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Larson Yellowbird Jr. from Samson Cree Nation will dance at the expo with his father, Larson Yellowbird Sr. (Serena Mah) Thousands of Indigenous people from across North America will come together Friday in Edmonton for the first-ever National Indigenous Cultural Expo.

Canada’s largest powwow, Mé​tis festival and Inuit showcase will fill the halls of the Edmonton Expo Centre Sept. 28-30.

It all came together in one year.

The effort to build the event began at last September’s National Gathering of Elders in Edmonton, which was attended by 5,000 First Nations, Inuit and Mé​tis elders from across the country. Thousands of elders come together in Edmonton for 1st national gathering

Expo co-ordinator Judy Kim-Meneen said the elders decided there and then that they needed "to do a grassroots effort on reconciliation."

And they didn’t want to wait until the following National Gathering of Elders in Manitoba in 2019.

"They wanted something done this year," Kim-Meneen said on CBC Edmonton’s Radio Active. "So, the cultural expo was born."

The event will kick off Friday afternoon when thousands of people from 650 First Nations take part in the Grand Entry.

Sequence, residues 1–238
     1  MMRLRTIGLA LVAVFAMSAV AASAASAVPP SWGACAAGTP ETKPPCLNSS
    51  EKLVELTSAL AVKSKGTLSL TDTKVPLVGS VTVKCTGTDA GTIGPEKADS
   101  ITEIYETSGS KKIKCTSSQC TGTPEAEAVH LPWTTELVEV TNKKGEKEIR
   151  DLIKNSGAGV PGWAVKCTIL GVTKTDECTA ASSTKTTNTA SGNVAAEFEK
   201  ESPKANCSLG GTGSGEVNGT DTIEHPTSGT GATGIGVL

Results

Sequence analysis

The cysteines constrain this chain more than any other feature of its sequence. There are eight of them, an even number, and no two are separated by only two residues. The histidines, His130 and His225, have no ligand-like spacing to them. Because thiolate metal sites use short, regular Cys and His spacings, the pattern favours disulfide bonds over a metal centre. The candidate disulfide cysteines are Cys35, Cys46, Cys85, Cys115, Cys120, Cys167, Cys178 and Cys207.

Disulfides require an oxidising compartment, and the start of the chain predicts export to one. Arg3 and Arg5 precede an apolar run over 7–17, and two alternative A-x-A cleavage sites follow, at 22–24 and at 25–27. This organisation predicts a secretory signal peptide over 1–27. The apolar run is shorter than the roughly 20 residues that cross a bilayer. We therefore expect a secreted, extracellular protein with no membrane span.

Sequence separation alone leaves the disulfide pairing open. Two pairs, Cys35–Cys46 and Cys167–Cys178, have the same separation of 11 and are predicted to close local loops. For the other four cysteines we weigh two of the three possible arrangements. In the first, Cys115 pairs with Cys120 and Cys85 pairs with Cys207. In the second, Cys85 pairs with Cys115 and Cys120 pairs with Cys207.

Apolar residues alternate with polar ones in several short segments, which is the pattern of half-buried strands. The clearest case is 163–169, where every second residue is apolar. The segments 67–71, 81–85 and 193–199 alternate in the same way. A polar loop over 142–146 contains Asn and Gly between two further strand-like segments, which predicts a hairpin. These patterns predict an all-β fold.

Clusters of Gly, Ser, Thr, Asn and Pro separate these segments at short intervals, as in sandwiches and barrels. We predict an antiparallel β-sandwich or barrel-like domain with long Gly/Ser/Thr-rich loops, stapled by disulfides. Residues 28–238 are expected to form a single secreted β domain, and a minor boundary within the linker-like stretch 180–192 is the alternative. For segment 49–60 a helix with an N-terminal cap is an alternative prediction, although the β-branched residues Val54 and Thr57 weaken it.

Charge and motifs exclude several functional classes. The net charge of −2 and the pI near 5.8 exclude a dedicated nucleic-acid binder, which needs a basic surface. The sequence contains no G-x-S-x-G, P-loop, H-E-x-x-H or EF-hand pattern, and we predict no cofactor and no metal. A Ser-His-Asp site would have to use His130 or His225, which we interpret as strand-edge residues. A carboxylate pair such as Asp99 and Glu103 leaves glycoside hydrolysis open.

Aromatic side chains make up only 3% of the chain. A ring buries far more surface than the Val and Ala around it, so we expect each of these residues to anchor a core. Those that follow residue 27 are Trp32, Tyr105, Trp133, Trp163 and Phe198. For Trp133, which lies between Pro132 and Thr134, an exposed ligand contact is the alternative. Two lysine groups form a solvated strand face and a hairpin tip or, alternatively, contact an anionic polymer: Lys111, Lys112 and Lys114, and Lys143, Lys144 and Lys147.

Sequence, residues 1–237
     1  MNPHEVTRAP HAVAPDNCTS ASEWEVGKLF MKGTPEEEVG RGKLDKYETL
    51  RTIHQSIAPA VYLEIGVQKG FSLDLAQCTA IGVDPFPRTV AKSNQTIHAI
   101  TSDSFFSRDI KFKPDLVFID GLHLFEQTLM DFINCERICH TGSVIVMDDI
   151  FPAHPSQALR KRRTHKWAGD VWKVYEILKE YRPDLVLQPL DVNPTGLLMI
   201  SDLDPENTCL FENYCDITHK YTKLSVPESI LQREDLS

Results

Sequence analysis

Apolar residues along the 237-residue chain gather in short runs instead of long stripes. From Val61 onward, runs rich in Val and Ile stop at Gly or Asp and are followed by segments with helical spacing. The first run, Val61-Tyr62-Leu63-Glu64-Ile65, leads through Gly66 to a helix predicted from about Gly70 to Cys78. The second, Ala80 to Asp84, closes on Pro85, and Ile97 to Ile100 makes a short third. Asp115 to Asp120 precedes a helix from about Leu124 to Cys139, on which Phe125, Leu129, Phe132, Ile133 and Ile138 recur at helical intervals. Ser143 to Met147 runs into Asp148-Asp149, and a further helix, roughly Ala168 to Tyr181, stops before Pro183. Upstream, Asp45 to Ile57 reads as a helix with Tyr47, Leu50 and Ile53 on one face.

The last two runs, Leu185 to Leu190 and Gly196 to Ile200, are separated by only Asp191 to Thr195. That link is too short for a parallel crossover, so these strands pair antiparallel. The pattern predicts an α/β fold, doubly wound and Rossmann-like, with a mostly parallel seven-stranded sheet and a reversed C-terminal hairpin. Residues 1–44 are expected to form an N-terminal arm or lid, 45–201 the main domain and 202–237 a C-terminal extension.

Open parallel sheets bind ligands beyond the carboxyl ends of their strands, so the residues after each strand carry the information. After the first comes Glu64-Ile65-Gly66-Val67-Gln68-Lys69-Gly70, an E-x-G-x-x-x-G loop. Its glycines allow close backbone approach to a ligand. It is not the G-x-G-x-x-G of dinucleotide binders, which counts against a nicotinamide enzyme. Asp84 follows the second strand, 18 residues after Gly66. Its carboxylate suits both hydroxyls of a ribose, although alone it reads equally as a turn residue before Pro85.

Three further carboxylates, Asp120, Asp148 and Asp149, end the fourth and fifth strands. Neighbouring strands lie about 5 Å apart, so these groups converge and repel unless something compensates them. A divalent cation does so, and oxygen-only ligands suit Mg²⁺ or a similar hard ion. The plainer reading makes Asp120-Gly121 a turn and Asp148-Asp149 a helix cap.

Indigenous food, music and dancing will follow over the weekend.

Larson Yellowbird from Samson Cree Nation and his son Larson Yellowbird, Jr. will be participating in the men’s fancy dance.

"I want to highlight our style of dancing to all of the world. Being Canada’s largest — maybe the world’s largest — powwow, I thought it was an opportunity to express my style of dancing," said Yellowbird.

"I’m looking to see, from the First Nations side, all the best dancers to come out and bring their best style. For the Inuit and Mé​tis, I’m looking for them to share and showcase their style of dance as well."

There will be a fashion show by Indigenous designers, a jigging competition, and workshops on moccasin-making and beading. The Inuit showcase will include Arctic games. A trade show will feature more than 100 booths. A meaningful date

The expo dates were chosen to coincide with Orange Shirt Day, Sept. 30, which recognizes the harm done to residential school survivors.

"Residential schools literally stripped culture and language from a child," Kim-Meneen said. "So it’s really significant that we have this historic, massive cultural expo to really show it’s alive and well — it’s thriving. There’s so much vitality and diversity of Indigenous culture in North America."

The event is open to the public, and the organizers encourage everyone — Indigenous and non-Indigenous — to participate and learn from one another."It’s important for non-Indigenous people to come down because they [may never have] had this opportunity," said Yellowbird."It’s a perfect opportunity for people who don’t have the time to come out to powwows, which are usually hosted on First Nations reserves. This being in Edmonton, in their backyard, it’s an opportunity to come out and see this great style of dancing."Kim-Meneen also said the expo is a public event, open to everyone."There will be so much joy this weekend," she said. "Whoever you are, you will feel the beat in your heart."

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